In response to a move by Switzerland on Wednesday to weaken the Swiss franc, Japan found itself forced to intervene on behalf of its own currency on Thursday for the third time in less than a year, selling an unspecified quantity of yen on the market.
The New York Times reported that two strategies were employed in Tokyo’s quest to drive down the value of the yen, which has escalated 4% in the past month alone in response to European and American debt woes. Not only did the government intercede in markets, buying dollars and selling yen, but the Bank of Japan announced an expansion of its program to purchase government and corporate bonds.
Switzerland’s move to weaken its currency, as reported by AdvisorOne, took markets by surprise as the country slashed interest rates, already hovering near zero. The franc too has escalated in value as investors fled the dollar and the euro and sought safe-haven currencies. After Switzerland’s action, the yen rose still higher, and the Japanese government acted swiftly to halt its upward rise. Tokyo is also in talks with other countries about its action.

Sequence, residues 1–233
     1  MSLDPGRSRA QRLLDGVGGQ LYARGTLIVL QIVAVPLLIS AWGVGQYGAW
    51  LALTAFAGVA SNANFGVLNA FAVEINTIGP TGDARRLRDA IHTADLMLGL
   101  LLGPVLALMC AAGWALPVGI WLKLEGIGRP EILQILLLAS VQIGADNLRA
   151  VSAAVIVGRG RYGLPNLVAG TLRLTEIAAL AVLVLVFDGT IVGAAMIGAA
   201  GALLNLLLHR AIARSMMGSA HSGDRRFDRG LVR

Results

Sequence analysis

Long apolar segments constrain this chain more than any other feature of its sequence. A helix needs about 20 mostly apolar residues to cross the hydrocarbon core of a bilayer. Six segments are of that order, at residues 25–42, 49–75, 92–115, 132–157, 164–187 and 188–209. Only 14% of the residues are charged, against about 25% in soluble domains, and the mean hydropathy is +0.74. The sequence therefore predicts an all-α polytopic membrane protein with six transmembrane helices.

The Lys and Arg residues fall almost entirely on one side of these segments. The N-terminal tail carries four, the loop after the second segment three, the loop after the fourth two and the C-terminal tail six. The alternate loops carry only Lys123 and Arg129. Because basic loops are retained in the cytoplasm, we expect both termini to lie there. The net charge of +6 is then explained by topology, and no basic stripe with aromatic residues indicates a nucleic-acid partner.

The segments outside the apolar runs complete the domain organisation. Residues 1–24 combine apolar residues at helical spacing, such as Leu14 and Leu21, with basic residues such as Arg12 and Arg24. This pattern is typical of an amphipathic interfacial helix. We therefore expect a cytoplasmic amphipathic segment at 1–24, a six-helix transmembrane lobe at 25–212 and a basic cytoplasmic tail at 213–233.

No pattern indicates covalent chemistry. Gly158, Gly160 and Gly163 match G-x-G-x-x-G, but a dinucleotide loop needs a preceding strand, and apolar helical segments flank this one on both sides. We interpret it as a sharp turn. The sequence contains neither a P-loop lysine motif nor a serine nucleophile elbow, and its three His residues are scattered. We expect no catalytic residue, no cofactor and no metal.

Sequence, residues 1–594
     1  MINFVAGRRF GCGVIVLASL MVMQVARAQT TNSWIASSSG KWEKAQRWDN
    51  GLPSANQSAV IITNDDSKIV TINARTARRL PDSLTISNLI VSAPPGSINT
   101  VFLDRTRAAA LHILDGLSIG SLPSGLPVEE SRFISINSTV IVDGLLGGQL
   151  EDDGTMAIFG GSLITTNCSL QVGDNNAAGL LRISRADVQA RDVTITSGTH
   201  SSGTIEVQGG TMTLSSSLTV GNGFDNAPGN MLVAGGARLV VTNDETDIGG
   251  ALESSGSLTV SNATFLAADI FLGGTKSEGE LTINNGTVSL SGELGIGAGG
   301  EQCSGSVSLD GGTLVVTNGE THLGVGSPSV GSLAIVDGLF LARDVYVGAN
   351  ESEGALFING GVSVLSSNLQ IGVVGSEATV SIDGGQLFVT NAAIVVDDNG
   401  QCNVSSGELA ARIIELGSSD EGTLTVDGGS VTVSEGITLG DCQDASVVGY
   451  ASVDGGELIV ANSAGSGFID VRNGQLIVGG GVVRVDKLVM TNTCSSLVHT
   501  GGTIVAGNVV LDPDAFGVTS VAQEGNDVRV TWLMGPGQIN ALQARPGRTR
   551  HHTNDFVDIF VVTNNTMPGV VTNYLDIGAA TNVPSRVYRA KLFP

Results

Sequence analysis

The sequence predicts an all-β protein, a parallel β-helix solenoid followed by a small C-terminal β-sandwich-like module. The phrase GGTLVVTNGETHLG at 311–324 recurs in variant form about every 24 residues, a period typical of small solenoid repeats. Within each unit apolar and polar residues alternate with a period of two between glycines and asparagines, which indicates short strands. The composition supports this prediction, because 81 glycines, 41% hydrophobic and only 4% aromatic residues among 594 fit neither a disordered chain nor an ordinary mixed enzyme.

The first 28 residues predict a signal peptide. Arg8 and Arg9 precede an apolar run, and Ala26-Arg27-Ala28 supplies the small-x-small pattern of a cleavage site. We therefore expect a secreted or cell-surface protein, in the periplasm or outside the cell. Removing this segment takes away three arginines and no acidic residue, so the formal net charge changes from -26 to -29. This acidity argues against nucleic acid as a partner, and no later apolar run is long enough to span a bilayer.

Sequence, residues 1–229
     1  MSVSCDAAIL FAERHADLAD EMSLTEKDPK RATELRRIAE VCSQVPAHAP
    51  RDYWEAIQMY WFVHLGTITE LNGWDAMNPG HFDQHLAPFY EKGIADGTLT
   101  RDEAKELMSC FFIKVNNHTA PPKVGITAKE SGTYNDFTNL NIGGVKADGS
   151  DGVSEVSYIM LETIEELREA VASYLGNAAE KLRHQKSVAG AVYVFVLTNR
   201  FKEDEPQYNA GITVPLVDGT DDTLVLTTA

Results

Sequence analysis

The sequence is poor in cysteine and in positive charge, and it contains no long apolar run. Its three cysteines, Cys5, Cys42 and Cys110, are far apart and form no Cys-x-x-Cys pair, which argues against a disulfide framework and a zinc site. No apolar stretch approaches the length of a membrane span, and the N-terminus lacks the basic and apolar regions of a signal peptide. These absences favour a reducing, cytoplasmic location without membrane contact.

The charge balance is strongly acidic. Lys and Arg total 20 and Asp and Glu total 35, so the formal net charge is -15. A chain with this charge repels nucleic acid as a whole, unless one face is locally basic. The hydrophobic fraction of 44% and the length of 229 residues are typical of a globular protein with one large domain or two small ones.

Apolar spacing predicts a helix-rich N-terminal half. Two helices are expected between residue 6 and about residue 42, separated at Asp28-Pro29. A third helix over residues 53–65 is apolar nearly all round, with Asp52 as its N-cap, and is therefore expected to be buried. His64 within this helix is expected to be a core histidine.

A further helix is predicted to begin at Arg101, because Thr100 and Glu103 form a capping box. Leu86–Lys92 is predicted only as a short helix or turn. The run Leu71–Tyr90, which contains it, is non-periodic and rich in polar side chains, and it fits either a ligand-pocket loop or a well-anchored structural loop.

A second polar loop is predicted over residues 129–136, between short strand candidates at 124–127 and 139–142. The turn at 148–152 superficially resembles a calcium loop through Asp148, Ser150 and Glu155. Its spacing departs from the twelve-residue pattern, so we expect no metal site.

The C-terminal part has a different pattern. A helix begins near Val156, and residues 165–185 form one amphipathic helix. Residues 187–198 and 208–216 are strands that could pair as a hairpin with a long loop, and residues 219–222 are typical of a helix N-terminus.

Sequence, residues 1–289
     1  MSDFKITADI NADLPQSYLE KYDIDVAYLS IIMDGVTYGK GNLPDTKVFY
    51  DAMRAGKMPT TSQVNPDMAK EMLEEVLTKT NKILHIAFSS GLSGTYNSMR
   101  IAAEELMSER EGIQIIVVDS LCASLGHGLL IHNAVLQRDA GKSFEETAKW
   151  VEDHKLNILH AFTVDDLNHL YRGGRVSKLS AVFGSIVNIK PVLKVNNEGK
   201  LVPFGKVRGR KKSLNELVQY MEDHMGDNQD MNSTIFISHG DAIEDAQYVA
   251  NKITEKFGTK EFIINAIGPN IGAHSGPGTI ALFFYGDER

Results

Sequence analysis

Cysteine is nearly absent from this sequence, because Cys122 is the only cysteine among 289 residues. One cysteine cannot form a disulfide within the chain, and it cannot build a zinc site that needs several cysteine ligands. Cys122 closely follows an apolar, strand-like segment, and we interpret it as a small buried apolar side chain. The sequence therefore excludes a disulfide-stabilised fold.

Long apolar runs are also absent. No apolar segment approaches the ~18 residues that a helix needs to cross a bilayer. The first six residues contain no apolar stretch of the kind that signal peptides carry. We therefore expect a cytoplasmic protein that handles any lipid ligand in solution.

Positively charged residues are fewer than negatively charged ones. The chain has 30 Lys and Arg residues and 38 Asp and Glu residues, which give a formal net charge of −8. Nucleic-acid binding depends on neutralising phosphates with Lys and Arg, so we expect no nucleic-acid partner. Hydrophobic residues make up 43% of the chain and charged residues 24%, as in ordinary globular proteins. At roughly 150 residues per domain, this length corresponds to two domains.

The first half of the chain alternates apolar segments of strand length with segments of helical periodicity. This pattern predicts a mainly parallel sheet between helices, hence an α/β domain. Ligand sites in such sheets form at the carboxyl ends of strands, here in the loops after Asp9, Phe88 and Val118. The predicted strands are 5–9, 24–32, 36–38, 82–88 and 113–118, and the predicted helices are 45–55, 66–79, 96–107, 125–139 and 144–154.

The yen weakened throughout the day on Thursday, from 77.15 yen to the dollar to about 80 yen by Thursday evening in Japan.
Reuters reported that both Switzerland and Japan, having shocked markets, may continue to take steps to weaken their respective currencies, according to analysts. Chris Turner, chief currency strategist at ING, said in a note quoted in the report, "It seems a fresh chapter is opening up in the currency wars, with both Japanese and Swiss officials trying to draw lines in the sand regarding the strength in their currencies they are prepared to tolerate. This is going to be a long and drawn-out campaign, since for Japan the Fed is more likely to cut than hike interest rates and thus the dollar remains pressured, and for the Swiss there seems no resolution to the [euro zone] debt crisis."
The Washington Post reported that the appreciation of the yen is so serious that Japanese authorities are concerned that some of their major manufacturers may move production out of the country. The yen’s high valuation squeezes them on both sides of the equation: it means exported goods cost more, and when funds are brought back home the exchange rate slashes profits
Tokyo’s fears may not be without merit. Honda Motor Co. revealed Monday that the exchange rate obliterated approximately 22.5 billion yen ($282.3 million) from its profits in the most recent quarter. And Akio Toyoda, president of Toyota, was quoted saying at a July news conference, “The current environment makes it unreasonable to keep producing in Japan,” although he added, “[W]e can’t simply abandon domestic production when conditions get tougher.”